Neff’s book is not a “fitness” text, but her tenets should absolutely be applied when trying to adopt a healthier lifestyle. Why? Adopting a healthier lifestyle requires learning to be on your “own side” — learning to care enough about yourself to make healthy, productive, and compassionate choices — something Neff advocates for in spades.

“Be on our own side”? Obvious? Sure. Something we all do naturally? I wish!

Most of us have an enemy living inside our heads! We are extremely cruel to ourselves. Internally, we use a belittling tone of voice and rude language that we would never use on the barista at Starbucks — let alone a loved one! (I am absolutely still working on this. My daily goal is to develop a relationship with myself built on respect and compassion not leftover childhood hate and self-criticism.)

Reflect on this for a minute. The fact that we spend the majority of our day with someone who is being mean to us — not believing in us — is heartbreaking. No wonder so many of us overeat, drink too much, and under exercise!

So, instead of only working to find a perfect diet to follow or the “best” new exercise routine, consider ALSO working on your internal dialogue. Finding the appropriate actions to take and learning how to actually implement those actions go hand in hand.

Your self-talk bridges the gap between thinking about making a choice and actually making it. You can think about binging on cookies but not actually binge. Or, you can think about going to the gym but not actually go. Thoughts are not facts. Thoughts are not acts. Thoughts only become acts after you — through self-talk — decide how to interpret them.

Read Neff’s book to learn how to change your belittling unhelpful self-talk into productive compassionate self-talk. Your internal dialogue should be accurate, honest, and well-intentioned — based on helping yourself not hurting or belittling yourself. Your tone should be firm and passionate — just not belittling or harsh. Your thoughts and words should be beneficial, useful, and timely. Anxiety (future-thinking phantom thoughts) and loops of the past are not timely or useful. Harness what you can do in the current moment to benefit your situation and mood. Let go of thoughts that feed feelings of anger, self-doubt, and resentment.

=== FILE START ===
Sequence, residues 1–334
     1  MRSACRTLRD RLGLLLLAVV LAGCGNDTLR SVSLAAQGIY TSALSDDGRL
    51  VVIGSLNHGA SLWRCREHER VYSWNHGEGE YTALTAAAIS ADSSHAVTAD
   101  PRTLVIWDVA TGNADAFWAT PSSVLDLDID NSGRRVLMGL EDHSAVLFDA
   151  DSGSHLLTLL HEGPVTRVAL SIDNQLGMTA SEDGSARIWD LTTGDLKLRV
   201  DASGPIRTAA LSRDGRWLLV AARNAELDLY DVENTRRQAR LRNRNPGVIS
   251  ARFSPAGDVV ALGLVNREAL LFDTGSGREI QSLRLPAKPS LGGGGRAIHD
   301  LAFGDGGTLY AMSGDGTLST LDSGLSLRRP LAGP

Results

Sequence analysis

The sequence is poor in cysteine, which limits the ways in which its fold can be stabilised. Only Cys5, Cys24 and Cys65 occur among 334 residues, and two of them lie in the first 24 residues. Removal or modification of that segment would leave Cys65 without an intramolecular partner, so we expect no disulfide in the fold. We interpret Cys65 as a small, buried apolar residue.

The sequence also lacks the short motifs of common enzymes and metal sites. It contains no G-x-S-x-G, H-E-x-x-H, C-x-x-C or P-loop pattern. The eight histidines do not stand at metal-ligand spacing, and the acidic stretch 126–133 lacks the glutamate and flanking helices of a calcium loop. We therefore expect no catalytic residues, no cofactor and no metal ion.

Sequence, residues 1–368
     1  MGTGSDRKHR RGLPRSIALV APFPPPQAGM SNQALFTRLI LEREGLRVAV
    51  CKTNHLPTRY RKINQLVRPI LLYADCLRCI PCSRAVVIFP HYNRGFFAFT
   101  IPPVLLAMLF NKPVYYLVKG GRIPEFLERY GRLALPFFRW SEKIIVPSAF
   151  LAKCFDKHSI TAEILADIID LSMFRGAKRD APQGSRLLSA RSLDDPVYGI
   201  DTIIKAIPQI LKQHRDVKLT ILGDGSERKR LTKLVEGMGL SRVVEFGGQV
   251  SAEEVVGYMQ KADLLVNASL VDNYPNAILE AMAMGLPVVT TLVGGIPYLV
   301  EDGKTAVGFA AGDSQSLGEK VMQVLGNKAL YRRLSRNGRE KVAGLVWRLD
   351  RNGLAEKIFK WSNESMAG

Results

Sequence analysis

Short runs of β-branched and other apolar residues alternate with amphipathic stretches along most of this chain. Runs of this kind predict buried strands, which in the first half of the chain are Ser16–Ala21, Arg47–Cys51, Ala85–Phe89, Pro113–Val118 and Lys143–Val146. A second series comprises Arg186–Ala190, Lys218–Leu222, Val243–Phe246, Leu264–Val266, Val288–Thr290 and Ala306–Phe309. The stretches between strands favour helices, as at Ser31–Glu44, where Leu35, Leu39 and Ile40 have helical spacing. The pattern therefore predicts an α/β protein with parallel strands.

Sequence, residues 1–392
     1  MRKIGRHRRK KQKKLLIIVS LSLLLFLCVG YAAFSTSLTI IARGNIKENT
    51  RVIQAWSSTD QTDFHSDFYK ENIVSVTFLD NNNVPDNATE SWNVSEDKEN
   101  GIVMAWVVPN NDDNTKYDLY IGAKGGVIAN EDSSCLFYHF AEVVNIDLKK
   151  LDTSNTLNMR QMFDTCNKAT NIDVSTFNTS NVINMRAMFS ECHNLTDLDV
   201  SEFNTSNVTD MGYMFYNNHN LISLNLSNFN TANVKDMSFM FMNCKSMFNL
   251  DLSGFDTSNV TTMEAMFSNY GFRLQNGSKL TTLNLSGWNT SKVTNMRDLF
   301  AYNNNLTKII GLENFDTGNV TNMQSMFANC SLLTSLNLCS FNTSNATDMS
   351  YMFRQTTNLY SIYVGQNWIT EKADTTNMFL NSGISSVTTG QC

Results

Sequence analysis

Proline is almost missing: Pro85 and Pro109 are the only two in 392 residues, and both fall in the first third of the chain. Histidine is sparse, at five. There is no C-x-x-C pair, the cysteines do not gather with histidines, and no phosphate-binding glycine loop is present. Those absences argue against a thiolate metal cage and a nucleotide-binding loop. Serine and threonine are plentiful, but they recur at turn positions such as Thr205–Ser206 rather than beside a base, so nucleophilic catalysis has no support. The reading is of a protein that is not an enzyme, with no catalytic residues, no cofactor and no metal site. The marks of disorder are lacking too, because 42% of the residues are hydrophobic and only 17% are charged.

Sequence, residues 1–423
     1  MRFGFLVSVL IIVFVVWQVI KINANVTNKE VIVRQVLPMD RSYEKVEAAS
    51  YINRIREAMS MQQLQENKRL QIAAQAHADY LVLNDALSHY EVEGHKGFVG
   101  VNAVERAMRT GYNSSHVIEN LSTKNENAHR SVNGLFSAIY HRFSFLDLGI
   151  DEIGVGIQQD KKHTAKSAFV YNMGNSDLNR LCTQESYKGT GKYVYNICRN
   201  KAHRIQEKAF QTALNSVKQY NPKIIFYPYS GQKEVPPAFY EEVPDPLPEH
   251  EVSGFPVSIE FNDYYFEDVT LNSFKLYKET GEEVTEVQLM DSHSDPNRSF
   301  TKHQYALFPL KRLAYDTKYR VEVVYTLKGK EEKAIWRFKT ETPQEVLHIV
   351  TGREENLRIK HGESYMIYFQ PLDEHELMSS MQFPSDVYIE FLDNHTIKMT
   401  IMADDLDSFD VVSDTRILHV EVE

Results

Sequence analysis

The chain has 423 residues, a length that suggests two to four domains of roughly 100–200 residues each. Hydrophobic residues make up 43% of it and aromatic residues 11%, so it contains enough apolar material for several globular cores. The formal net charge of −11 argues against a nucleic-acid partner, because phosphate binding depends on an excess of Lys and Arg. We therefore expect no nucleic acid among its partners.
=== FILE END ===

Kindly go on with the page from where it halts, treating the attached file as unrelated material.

Note, and this is KEY, that “compassionate self-talk” is not a synonym for “self-indulgent self-talk”! Compassion has its roots in caring; care enough about yourself to make healthy choices. Think enough of yourself to expect yourself to try. Hold yourself to high standards because you love yourself. Don’t justify skipping the gym or eating cake with, “Well, Kathleen told me to be compassionate.” (Skipping the gym or eating crap is NOT compassion. Going to the gym and eating well are two key ways to show your body “love.”)

An example …

Let’s say you skip your workout to sit and watch TV.

Negative self-talk: “I am so lazy. Why do I even try? Might as well have some ice cream. I am a loser.”

Self-indulgent self-talk: “Who needs a workout? Kathleen told me to be nice to myself. C’est la vie. Life is worth living.”

Compassionate self-talk: “I don’t love that I missed the workout, but life happens. I would not mind if I had planned to miss a workout for something fun, but just to watch TV seems like a “waste” of a skip. The question is, why did I miss it? Why did I not have energy? Why did I want to watch TV? Did I not get enough sleep last night? Did I not eat well through the day? Am I sad? How can I learn from this experience? I don’t respect that I missed the workout, but I am only human.”